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The Sequelize library provides easy access to a MySQL database by mapping database entries to objects and vice versa. To put it in a nutshell... it's an ORM (Object-Relational-Mapper). The library is written entirely in JavaScript and can be used in the Node.JS environment.


  • v1.3.0: migrations, cross-database, validations, new listener notation, ...
  • v1.2.1: changes some defaults and some interfaces
  • v1.0.0: complete rewrite


  • Schema definition
  • Schema synchronization/dropping
  • Easy definition of class/instance methods
  • Instance saving/updating/dropping
  • Asynchronous library
  • Associations
  • Importing definitions from single files

Documentation, Examples and Updates

You can find the documentation and announcements of updates on the project's website. If you want to know about latest development and releases, follow me on Twitter. Also make sure to take a look at the examples in the repository. The website will contain them soon, as well.


I'm glad to get pull request if any functionality is missing or something is buggy. But please ... run the tests before you send me the pull request.

Now if you want to contribute but don't really know where to begin don't worry, the steps below will guide you to have a sequelize contributor's environment running in a couple minutes.

1. Prepare the environment

All the following steps consider you already have npm installed in your node.js version 0.4.6 or higher

1.1 MySQL and other external dependencies

Contributing to sequelize requires you to have MySQL up and running in your local environment. The reason for that is that we have test cases that runs against an actual MySQL server and make sure everything is always working.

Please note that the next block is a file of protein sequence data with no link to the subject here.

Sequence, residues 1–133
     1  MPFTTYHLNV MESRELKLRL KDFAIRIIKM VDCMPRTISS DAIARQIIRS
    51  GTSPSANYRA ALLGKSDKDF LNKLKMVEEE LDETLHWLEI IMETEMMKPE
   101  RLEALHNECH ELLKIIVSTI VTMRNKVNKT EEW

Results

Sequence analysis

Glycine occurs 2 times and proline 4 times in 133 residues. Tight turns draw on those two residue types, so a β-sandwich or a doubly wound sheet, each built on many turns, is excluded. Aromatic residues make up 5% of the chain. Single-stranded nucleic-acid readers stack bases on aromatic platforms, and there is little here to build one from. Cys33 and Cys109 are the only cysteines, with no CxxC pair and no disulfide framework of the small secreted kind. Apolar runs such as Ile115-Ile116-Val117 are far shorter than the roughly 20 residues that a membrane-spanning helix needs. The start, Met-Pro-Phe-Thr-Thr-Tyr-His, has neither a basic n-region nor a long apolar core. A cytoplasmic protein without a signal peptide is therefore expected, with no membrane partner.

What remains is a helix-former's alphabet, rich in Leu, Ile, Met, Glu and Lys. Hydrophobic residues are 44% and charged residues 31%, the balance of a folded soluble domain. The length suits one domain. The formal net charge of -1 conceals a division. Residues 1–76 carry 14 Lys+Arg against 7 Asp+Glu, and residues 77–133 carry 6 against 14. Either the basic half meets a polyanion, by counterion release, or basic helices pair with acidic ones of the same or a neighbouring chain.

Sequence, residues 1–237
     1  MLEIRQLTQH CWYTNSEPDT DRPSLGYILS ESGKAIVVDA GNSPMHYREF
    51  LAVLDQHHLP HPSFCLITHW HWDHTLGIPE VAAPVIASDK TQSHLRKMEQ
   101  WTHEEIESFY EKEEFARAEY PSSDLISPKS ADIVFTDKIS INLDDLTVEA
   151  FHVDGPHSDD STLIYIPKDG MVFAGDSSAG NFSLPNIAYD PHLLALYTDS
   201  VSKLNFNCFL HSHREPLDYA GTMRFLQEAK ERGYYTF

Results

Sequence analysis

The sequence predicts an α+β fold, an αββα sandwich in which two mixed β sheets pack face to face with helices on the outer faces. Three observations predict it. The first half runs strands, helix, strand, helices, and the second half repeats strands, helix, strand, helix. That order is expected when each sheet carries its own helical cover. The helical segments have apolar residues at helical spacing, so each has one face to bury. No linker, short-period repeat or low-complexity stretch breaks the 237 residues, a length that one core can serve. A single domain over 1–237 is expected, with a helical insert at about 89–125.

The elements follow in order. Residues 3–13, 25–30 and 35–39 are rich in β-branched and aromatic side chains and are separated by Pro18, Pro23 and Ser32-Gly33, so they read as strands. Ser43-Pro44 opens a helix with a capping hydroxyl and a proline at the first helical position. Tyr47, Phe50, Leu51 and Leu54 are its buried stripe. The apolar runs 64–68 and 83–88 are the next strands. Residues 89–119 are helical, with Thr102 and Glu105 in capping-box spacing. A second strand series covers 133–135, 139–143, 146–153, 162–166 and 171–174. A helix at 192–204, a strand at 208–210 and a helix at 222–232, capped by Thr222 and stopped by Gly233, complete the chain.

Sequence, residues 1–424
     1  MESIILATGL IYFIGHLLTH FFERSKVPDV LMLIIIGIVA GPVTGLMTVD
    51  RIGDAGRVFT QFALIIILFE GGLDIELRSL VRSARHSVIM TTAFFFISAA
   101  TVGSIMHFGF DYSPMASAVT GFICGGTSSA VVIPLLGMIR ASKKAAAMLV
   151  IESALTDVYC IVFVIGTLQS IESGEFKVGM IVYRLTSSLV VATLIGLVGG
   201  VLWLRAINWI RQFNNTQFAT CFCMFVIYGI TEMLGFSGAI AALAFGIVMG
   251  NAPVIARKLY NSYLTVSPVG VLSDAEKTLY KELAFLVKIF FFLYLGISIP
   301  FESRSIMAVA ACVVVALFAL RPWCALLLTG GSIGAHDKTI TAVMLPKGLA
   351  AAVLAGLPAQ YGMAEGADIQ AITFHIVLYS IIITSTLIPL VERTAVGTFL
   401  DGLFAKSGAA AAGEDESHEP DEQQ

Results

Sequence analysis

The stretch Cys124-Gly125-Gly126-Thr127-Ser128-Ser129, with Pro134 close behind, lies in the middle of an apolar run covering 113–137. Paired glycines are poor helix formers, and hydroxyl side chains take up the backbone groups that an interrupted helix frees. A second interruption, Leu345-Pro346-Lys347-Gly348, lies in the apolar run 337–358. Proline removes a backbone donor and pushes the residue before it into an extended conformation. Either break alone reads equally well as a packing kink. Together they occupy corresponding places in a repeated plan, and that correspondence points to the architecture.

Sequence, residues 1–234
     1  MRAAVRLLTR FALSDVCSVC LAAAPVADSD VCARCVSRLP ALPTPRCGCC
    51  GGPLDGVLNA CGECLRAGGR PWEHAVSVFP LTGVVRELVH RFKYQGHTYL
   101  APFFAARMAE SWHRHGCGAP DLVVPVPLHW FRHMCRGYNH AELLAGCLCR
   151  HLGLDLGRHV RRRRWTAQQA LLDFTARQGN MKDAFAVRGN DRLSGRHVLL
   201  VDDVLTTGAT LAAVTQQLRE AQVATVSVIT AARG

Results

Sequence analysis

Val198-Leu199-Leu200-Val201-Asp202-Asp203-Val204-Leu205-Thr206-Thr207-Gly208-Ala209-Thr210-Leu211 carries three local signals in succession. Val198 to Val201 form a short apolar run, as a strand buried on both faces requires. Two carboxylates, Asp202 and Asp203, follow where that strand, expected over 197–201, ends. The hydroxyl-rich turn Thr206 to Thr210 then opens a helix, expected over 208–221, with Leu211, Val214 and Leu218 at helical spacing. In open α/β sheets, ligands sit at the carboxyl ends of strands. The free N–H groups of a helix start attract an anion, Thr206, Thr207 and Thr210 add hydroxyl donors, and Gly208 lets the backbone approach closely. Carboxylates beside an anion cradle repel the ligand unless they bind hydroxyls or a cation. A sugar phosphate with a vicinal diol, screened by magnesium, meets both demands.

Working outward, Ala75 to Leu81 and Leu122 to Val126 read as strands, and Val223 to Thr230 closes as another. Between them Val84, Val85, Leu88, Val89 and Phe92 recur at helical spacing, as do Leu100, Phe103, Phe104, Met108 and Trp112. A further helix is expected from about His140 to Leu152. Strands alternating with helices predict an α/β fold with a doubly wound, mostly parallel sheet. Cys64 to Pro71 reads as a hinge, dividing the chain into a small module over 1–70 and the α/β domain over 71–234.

That is also one of the reasons your features must come with tests: let's make sure sequelize will stay awesome as more features are added as well as that fixed bugs will never come back.

Well, after installing MySQL you also need to create the sequelize test database:

$ echo "CREATE DATABASE sequelize_test;" | mysql -uroot

CLEVER NOTE: your local MySQL install must be with username root without password. If you want to customize that just hack in the tests, but make sure to don't commit your credentials, we don't want to expose your personal data in sequelize codebase ;)

AND ONE LAST THING: Sequelize also supports SQLite. So this should be working on your machine as well :)

2. Install the dependencies

Just "cd" into sequelize directory and run npm install, see an example below:

$ cd path/to/sequelize
$ npm install

3. Run the tests

In order to run the tests you got to run jasmine-node against the spec directory. By the way, there is where you will write new tests if that's the case.

All you need is to run ./node_modules/.bin/jasmine-node spec/, although this is kinda long and boring, so we configures a NPM task and made that less laborious to you :)

$ npm test

4. That's all

Just commit and send pull requests.

Happy hacking and thank you for contributing

Build status

The automated tests we talk about just so much are running on Travis public CI, here is its status:

Build Status